Wherever you look, obesity is headline news.

And it’s not so much about looks,

but more to do with the health risks of being overweight.


Because it costs. We tend to think of fat as purely a cosmetic issue. But it’s far more serious than bulging waistbands and clothes that no longer fit. A Government report revealed that obesity contributes to 30,000 deaths a year and costs £2.5 billion in days off work and NHS treatment. While obesity used to be rare in Britain, the last 20 years have seen us catching up fast with the USA where it is taking on epidemic proportions. One in two of the UK population is too heavy today – that’s three times the number in the 1980s. More seriously, one in five women and one in six men are classified as clinically obese.


Being overweight is bad for our health – even carrying a few extra pounds raises the risk of developing a range of life-threatening illnesses. ‘The blood of an overweight person looks almost like milk, it’s so cloudy’, says obesity expert Dr Nick Finer of Luton and Dunstable Hospital. ‘What causes that is the fat globules that are circulating in the blood round the body, narrowing the arteries, slowing the flow of blood and the delivery of oxygen to the body’s tissues.’


Fat people have five times the risk of late-onset diabetes and twice the risk of heart disease compared to their skinny peers. And recent research has also revealed that surplus pounds raise the chances of developing a range of cancers, particularly cancer of the colon, kidney and gallbladder.


Experts now calculate in terms of Body Mass Index: this is done by dividing weight in kilos by height in metres squared. The resultant figure is classified as follows:

  • 20 to 24.9: a healthy weight
  • 25 to 29.9: overweight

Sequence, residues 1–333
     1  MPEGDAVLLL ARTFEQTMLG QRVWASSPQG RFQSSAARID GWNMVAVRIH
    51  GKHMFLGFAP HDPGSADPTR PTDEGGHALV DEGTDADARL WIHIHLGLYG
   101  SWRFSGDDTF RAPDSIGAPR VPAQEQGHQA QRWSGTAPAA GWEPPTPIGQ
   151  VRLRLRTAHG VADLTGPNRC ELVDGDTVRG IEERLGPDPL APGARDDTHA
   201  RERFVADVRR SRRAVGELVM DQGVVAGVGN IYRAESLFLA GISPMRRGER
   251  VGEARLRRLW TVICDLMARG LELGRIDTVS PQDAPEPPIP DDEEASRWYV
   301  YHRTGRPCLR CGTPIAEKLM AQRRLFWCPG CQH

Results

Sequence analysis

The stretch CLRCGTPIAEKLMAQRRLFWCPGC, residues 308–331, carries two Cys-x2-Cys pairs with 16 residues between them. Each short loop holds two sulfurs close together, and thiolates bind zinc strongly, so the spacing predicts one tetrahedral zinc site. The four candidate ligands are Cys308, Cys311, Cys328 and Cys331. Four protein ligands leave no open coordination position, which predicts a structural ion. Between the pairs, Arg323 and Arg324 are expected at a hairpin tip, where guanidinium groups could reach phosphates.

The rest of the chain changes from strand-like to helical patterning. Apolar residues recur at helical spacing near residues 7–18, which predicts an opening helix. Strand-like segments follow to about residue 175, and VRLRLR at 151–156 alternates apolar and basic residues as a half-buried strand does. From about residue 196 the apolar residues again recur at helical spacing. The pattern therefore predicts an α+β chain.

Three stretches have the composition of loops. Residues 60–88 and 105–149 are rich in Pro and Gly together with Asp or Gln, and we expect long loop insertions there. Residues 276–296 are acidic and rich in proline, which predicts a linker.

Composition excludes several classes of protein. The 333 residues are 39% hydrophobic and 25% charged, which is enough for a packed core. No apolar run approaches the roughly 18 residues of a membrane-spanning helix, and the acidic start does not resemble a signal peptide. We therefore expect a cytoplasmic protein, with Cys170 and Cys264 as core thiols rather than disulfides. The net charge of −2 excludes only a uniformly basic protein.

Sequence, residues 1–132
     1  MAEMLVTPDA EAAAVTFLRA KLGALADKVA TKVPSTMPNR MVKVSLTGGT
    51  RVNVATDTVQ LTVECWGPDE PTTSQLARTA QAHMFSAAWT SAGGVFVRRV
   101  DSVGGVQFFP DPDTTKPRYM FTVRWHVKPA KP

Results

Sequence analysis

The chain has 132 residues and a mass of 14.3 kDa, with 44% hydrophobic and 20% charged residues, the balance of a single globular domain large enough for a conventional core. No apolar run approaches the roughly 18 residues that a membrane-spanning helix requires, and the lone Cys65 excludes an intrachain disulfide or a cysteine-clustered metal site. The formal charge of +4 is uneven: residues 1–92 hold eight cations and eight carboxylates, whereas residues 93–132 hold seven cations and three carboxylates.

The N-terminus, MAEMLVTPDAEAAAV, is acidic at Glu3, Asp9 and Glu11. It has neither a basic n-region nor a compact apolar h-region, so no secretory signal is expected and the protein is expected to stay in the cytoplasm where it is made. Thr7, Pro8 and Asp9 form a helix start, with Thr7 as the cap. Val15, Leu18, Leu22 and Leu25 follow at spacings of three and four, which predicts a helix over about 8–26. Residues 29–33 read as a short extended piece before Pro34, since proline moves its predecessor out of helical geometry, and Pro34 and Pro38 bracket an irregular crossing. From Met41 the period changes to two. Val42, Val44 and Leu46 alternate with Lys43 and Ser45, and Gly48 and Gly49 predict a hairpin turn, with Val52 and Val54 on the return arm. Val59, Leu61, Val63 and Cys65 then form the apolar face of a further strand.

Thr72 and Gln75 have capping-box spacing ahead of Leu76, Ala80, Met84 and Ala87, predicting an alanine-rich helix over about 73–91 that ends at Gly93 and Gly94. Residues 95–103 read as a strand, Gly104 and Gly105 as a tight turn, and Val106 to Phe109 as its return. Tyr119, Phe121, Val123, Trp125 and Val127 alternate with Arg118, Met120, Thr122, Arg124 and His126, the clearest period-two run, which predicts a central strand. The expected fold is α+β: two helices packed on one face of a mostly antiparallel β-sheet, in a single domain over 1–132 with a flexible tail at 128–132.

• 30 to 39.9: clinically obese
  • over 40: severely obese

Weight problems increase with age. Two out of three over-45-year-olds are carrying too much weight compared to one in five of the population as a whole. Studies show that people in affluent areas are more likely to worry about being overweight but the truth is that women from poorer backgrounds are the biggest group of fatties.


Some families are clearly podgier than others. There are a handful of studies suggesting that people from fat families convert food into fat more rapidly than others. But the jury is still out on this one – scientists still don’t really know whether fat people inherit a tendency to put on weight – or whether they learn to pile too much food on their plates when they’re young.


The widely held belief that fat people have a slower metabolism than thin people – which would mean that food is stored as fat rather than being converted into energy – was investigated by Cambridge scientists and shown to be a myth. Research showed that far from having low metabolic rates, fat people have to convert more calories into energy than thin people. ‘Every activity they do takes up more energy because they have a bigger body weight to carry around,’ explains Dr Susan Jebb, director of the MRC Human Nutrition Research Unit. The difference between fat and thin people, it seems, is that the former consistently underestimate how much they eat.


We’ve still got stone-age metabolisms designed to allow maximum activity on minimum food. As yet, we haven’t adapted physically to car journeys, virtually immobile evenings in front of the television and copious quantities of fat-rich food.


Sadly GPs are not good at persuading people to change their lifestyle and take more exercise, which are the best ways of losing weight. As a result, they’re often reluctant to confront people with weight problems, even when they come to the surgery with a health problem that is weight-related, such as heart disease.


For most of us, it’s a matter of helping ourselves by remembering three basic rules:

  1. Most people can lose weight with more exercise, better diet, counselling or drug therapy - or a combination of all of these. Bear in mind that if energy intake equals energy expenditure your weight will remain stable. You’ll only lose it if you can cut your energy intake to below your energy requirements.
  2. Losing pounds is only the first step in the battle of the bulge; keeping them off is the difficult part. So you have to be sure you make sure you can live happily with whatever diet and exercise changes you make. And the good news is that half an hour of brisk walking, swimming or cycling five times a week is just as good as going to the gym.

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